GUEST POST from Robyn Bolton
Using only three words, how would you describe your company?
Better yet, what three words would your customers use to describe your company?
These three words capture your company’s identity. They answer, “who we are” and “what business we’re in.” They capture a shared understanding of where customers allow you to play and how you take action to win.
Everything consistent with this identity is normal, safe, and comfortable.
Everything inconsistent with this identity is weird, risky, and scary.
Your identity is killing innovation.
Innovation is something new that creates value.
Identity is carefully constructed, enduring, and fiercely protected and reinforced.
When innovation and identity conflict, innovation usually loses.
Whether the innovation is incremental, adjacent, or radical doesn’t matter. If it conflicts with the company’s identity, it will join the 99.9% of innovations that are canceled before they ever launch.
Your identity can supercharge innovation.
When innovation and identity guide and reinforce each other, it doesn’t matter if the innovation is incremental, adjacent, or radical. It can win.
Identity-based Innovation changes your perspective.
We typically think about innovation as falling into three types based on the scope of change to the business model:
- Incremental innovations that make existing offerings better, faster, and cheaper for existing customers and use our existing business model
- Adjacent innovations are new offerings in new categories, appeal to new customers, require new processes and activities to create or use new revenue models
- Radical innovations that change everything – offerings, customers, processes and activities, and revenue models
These types make sense IF we’re perfectly logical and rational beings capable of dispassionately evaluating data and making decisions. SPOILER ALERT: We’re not. We decide with our hearts (emotions, values, fears, and desires) and justify those decisions with our heads (logic and data).
So, why not use an innovation-typing scheme that reflects our humanity and reality?
- Identity-enhancing innovations reinforce and strengthen people’s comfort and certainty in who they are and what they do relative to the organization. “Organizational members all ‘know’ what actions are acceptable based on a shared understanding of what the organization represents, and this knowledge becomes codified u a set of heuristics about which innovative activities should be pursued and which should be dismissed.”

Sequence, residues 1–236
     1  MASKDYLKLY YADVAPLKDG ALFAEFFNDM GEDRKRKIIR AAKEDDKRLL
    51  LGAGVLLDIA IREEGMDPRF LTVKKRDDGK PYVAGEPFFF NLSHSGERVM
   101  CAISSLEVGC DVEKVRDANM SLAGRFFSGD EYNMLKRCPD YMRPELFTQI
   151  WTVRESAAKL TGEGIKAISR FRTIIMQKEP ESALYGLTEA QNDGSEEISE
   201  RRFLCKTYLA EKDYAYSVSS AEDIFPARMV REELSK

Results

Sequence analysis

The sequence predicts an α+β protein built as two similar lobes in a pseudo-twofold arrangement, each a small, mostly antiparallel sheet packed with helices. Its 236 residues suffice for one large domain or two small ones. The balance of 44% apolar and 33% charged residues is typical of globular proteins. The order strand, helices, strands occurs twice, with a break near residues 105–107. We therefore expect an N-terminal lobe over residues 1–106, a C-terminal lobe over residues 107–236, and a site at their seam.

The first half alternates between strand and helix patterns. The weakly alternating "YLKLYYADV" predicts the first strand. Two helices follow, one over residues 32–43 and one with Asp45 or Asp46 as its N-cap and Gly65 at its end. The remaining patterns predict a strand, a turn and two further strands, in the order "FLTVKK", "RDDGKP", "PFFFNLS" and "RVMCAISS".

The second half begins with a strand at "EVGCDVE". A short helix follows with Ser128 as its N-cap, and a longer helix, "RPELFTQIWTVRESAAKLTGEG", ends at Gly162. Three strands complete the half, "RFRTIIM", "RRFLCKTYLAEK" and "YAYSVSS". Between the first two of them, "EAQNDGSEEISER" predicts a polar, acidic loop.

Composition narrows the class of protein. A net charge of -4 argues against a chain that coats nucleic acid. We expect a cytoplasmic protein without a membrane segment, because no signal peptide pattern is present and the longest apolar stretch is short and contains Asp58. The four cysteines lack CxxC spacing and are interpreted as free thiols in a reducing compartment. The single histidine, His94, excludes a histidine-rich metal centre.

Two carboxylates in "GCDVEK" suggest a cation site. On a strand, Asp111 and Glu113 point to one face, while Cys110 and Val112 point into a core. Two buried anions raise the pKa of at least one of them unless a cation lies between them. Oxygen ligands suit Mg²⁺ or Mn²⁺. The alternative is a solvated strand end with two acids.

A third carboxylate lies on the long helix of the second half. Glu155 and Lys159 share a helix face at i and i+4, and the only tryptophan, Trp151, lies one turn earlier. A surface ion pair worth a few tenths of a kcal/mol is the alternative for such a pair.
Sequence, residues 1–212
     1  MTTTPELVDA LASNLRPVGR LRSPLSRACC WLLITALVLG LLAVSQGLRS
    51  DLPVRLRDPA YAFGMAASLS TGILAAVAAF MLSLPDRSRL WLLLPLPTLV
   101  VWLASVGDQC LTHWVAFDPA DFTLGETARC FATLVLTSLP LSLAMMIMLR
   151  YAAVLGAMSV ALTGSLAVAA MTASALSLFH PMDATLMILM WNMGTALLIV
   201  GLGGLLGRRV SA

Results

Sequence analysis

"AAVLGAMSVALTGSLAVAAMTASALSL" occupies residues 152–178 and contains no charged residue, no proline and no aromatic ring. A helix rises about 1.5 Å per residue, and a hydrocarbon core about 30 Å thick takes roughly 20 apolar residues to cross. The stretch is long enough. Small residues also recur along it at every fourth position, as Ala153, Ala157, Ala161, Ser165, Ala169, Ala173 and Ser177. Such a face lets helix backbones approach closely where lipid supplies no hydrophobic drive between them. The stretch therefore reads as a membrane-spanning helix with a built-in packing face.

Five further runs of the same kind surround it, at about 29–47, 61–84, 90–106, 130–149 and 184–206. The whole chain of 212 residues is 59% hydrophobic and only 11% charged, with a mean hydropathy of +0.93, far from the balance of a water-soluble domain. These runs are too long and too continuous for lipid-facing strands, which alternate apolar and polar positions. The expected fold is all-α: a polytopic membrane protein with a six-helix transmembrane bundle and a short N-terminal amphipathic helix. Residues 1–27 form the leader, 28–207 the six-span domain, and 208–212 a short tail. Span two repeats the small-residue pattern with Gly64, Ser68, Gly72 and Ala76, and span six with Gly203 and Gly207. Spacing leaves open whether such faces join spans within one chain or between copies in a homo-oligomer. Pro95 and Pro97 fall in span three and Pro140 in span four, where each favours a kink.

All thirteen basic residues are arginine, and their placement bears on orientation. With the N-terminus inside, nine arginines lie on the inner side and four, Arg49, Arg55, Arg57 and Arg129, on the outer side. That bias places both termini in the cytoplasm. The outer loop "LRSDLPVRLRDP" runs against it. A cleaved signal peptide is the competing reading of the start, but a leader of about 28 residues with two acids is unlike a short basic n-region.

- Identity-stretching innovations enable and stretch people’s understanding of who they are and what they do in an additive, not threatening, way to their current identities.
- Identity-challenging innovations are threats and tend to occur in one of two contexts:
- Extreme technological change that “results in the obsolescence of a product market or the convergence of multiple product markets.” (challenges “who we are”)
- Competitors or new entrants that launch new offerings or change the basis of competition (challenges “what we do”)
By looking at your innovations through the lens of identity (and, therefore, people’s decision-making hearts), you can more easily identify the ones that will be supported and those that will be axed.
It also changes your results.
“Ok, nerd,” you’re probably thinking. “Thanks for dragging me into your innovation portfolio geek-out.”
Fair, but let me illustrate the power of this perspective using some examples from P&G.
|Offering||Business-Model Types||Identity-based Categories|
|Charmin Smooth Tear||Incremental|
Made Charmin easier to tear
Reinforced Charmin’s premium experience
New durable product in an existing category (floor cleaning)
Reinforced P&G’s identity as a provider of best-in-class cleaning products
|Tide Dry Cleaners||Radical|
Moved P&G into services and uses a franchise model
Dry cleaning service is consistent with P&G’s identity but stretches into providing services vs. just products
Do you see what happened on that third line? A Radical Innovation was identity-stretching (not challenging), and it’s in the 0.1% of corporate innovations that launched! It’s in 22 states!
The Bottom Line
If you look at innovation in the same way you always have, through the lens of changes to your business model, you’ll get the same innovation results you always have.
If you look at innovation differently, through the lens of how it affects personal and organizational identity, you’ll get different results. You may even get radical results.
Image Credit: Unsplash
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